Broadway musicals can be intriguing barometers of where mainstream audiences happened to be at any particular point in history. This was driven home after watching the exuberant Paramount Theatre revival of “Hairspray” (the 2002 Broadway hit inspired by John Waters’ 1988 film) just days after seeing a high-spirited revival of the 1960 musical “Bye Bye Birdie” at Drury Lane.
Both shows suggest how teenage culture can be a motor for change. But while the popularity of Elvis Presley-generated rock ‘n’ roll among white adolescents in small-town America was enough to shake the adults in “Bye Bye Birdie” (with a Latina adult adding a particularly timely edge), that highly charged phrase “race music” was never uttered in the show. On the other hand, in “Hairspray,” set just a few years later (but yes, created four decades later), black-white relations are of the essence.
In addition, “Hairspray” came to the stage at a time when sexual identification had become a hot topic, so this issue, which would never have been raised in “Bye Bye Birdie,” is at play, too.
Set in Baltimore, Maryland, in 1962, “Hairspray” revolves around the irrepressible Tracy Turnblad (Amelia Jo Parish, an engine of motion and optimism who can dance and sing up a storm). A “plus size” teenager from a white working-class family, Tracy is passionate about rock ‘n’ roll and can tease her hair into a beehive with the best of them. The problem is, she doesn’t fit the traditional beauty profile, and this makes her hope of winning a place on “The Corny Collins Show,” the hugely popular dance showcase on local TV, seem like a futile pursuit.
When: Through Feb. 20
Where: Paramount Theatre,
8 E. Galena Blvd., Aurora
Tickets: $41 – $56
Info: (630) 896-6666;
Run time: 2 hours and
25 minutes with one intermission
But Tracy will not be deterred. And along the way to claiming her right to be included — and to grab the attention of heartthrob Link Larkin, a regular on the show — she becomes a fervent crusader for civil rights and racial integration, organizing a protest and even doing jail time. (Of course the fact that the show is set in Baltimore, where the Freddie Gray case has been a headline story since last April, gives this element a notably timely edge.)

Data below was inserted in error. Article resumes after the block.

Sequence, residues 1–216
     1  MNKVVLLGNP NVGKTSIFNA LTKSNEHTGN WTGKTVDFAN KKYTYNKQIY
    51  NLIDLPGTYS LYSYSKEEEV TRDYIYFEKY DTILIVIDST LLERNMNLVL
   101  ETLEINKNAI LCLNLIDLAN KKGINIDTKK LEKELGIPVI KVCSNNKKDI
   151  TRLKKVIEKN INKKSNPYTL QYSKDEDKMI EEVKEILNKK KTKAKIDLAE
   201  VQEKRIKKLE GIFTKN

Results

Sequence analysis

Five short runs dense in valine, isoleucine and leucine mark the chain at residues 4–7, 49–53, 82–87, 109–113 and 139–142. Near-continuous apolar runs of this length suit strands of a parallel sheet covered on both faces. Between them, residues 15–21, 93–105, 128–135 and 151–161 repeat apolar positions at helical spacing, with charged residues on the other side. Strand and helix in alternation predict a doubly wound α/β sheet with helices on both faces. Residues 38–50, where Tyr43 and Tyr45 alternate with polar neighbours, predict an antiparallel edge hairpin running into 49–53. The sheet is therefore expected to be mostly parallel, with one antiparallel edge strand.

When sent to detention for wearing an oversize hairdo in high school, Tracy quickly bonds with the black students there and gets coaching in the latest dance moves from Seaweed J. Stubbs (the fleet and easily charming Gilbert Domally). She also ventures into a black neighborhood, where she meets Seaweed’s famous mom, Motormouth Maybelle (E. Faye Butler, who has the audience cheering with her two socko numbers, “Big, Blonde & Beautiful” and the anthemic “I Know Where I’ve Been”). Maybelle runs a record shop and is host of the sporadic “Negro Day” on Collins’ show — a “day” Tracy proclaims should be “every day.”
Amber Mak, among the female director-choreographers (Rachel Rockwell, Tammy Mader, Brenda Didier and Linda Fortunato) who are now major musical theater forces here, easily takes command of this show with its infectious score by Marc Shaiman and Scott Wittman, and a snappy, feel-good book by Mark O’Donnell and Thomas Meehan. And not only has she winningly played down the campiness, but has she cast it ideally.
Tracy’s parents are a case in point, with Michael Kingston so happily larger-than-life and natural as Tracy’s mom, Edna, that you almost forget he’s in drag, and Michael Ehlers the essence of vaudeville joie de vivre as her fleet, adoring husband, Wilbur. Landree Fleming, a marvelous comedian, is perfection as Tracy’s nerdy pal, Penny Pingleton, who is bound to blossom. And Henry McGinniss is a wiry, lush-voiced Link.
Heather Townsend is all bigoted nastiness as Velma Van Tussle, the corrupt, rail-thin, bottle-blonde TV exec hellbent on keeping her daughter, Amber (spot-on Samantha Pauly), in the spotlight. Carlita Victoria, Allie Jae and Reneisha J. Jenkins sparkle as the Dynamites, Baltimore’s version of the Supremes. And there are fine turns by Devin DeSantis, Ariana Burks and a terrific ensemble that is just the latest proof this city’s theater dancers have become masters of the craft.
Linda Buchanan’s multifaceted set is enhanced by Greg Hofmann’s superb, Crayon-colored lighting, Michael Stanfill’s media design and Theresa Ham’s housedress-to-fake-Pucci print gowns. And as always, conductor and music director Tommy Vendafreddo and his musicians make Paramount’s large orchestra a star of the production.